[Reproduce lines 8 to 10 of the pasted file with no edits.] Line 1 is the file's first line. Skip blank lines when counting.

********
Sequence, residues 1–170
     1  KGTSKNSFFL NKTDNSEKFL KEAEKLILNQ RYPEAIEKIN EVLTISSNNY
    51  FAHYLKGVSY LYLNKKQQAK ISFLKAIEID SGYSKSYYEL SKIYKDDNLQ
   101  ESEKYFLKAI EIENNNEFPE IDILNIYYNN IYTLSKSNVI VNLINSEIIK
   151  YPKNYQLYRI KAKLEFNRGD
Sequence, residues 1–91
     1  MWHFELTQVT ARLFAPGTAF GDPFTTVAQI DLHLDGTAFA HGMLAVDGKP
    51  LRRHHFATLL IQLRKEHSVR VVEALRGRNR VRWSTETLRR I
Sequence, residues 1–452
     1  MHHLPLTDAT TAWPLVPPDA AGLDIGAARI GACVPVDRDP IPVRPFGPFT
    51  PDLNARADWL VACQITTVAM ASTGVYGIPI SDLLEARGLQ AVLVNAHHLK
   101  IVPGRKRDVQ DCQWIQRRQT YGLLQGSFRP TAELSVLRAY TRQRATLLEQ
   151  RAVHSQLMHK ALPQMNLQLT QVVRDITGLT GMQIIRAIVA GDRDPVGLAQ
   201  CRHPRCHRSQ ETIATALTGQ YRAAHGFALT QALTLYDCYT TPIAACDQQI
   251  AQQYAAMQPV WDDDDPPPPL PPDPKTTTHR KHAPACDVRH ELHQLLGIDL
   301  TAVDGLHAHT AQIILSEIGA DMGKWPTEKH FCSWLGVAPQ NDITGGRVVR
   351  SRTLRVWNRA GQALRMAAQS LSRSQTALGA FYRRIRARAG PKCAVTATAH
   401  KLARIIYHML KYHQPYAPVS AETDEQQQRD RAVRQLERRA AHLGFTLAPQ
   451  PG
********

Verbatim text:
    51  LRRHHFATLL IQLRKEHSVR VVEALRGRNR VRWSTETLRR I
Sequence, residues 1–452
     1  MHHLPLTDAT TAWPLVPPDA AGLDIGAARI GACVPVDRDP IPVRPFGPFT